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Re: ALONG THE WAY

Postby Van Canna » Sat May 02, 2015 6:17 pm

Yup, dust in the wind, my friend.
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Re: ALONG THE WAY-GREEN WOOD

Postby Art Rabesa » Sun May 31, 2015 11:44 pm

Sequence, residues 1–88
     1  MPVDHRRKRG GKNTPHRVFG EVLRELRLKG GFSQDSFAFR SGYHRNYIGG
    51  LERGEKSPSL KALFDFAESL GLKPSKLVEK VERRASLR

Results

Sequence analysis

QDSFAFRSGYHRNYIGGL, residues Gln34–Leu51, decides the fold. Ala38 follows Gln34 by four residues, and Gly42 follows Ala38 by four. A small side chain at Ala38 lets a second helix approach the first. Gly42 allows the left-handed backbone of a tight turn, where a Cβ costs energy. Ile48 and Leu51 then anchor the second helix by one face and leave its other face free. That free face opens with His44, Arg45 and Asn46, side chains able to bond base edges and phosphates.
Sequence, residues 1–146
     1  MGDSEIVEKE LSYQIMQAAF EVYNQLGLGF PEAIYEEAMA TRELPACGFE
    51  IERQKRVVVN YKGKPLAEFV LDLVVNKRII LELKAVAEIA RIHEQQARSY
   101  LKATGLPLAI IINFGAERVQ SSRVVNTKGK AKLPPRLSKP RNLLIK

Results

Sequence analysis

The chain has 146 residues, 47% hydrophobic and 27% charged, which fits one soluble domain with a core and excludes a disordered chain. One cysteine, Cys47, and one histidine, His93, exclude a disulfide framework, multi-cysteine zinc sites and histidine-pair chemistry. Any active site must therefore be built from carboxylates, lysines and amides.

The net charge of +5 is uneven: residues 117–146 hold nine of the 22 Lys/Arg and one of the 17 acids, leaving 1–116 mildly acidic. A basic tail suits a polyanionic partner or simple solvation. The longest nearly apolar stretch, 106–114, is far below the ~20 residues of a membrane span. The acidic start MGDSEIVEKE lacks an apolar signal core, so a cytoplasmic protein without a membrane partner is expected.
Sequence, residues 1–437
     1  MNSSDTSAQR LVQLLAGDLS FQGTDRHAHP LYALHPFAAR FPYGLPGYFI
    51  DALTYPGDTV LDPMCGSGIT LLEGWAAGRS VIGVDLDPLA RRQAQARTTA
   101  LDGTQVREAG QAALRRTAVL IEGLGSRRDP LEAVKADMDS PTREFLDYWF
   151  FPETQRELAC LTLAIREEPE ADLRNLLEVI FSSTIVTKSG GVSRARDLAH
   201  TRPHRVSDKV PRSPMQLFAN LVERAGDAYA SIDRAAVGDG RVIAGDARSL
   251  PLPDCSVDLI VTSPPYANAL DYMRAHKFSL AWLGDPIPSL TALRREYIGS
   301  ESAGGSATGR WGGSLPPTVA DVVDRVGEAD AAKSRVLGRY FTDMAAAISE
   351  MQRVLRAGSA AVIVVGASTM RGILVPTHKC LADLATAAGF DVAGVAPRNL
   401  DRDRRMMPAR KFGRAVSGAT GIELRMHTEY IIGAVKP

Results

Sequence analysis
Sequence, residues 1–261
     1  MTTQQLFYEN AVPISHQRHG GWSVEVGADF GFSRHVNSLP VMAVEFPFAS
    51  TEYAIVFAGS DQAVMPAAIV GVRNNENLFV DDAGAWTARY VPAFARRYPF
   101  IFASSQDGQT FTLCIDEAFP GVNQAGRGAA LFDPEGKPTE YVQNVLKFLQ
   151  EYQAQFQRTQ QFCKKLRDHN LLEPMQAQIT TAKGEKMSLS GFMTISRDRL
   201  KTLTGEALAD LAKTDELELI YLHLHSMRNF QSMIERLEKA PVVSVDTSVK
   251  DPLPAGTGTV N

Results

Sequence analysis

On page 119 of my book "Kumite" , you'll see a photo of me receiving a wooden pole over my arm. It was 1968 at a very large demo at the John Hancock Hall in Boston. It came down on my arm three times before breaking. Many thought two times was enough but I was slightly crazy way back then. My father was in the audience as well. If you knew my pop, you'd know why I took that third hit. I checked the pole when it was over and discovered the reason it didn't break right away. The pitch was still oozing from where it broke. It was purchased just a short time before the demo. Anyone who has ever done any breaking knows that wood must be dried before using it in a demo. OK - SO that was number one.--------Number two came at Jim Maloney's tournament in Nova Scotia. I set up a circle of people holding many boards with four patio blocks at the finish. I've done this demo many times and never had any problems. I hit the first group of boards with a punch and went to the next set for a front kick. I looked back to see the boards still there. Usually I can go through boards just with a nasty look. I was stunned at the outcome, and pissed off. I slipped back to the first station and hit the boards again with better results. These boards really felt different this night in Canada. I put extra power in all the rest of the breaks around the demo circle. I hit the patio blocks like a mad man after what I felt from all that Canadian wood. I bowed and walked carefully behind the stands and jammed my hand and foot into a Pepsi Cola container filled with ice. Yup, busted hand and foot. I asked someone to get me some of the broken wood from my demo. Same story. Very green new wood, bought just hours before the tournament. Some of the wood was actually still damp from being stored outside. I got on Jim's case pretty good for having his wood knock the hell out of me that night. I made it to the plane and got to my car at Logan in Boston. The foot and hand mended after awhile. It was some time before I did any breaking demo's again. When I did, I certainly checked the wood carefully. -------Happy Trails-----Art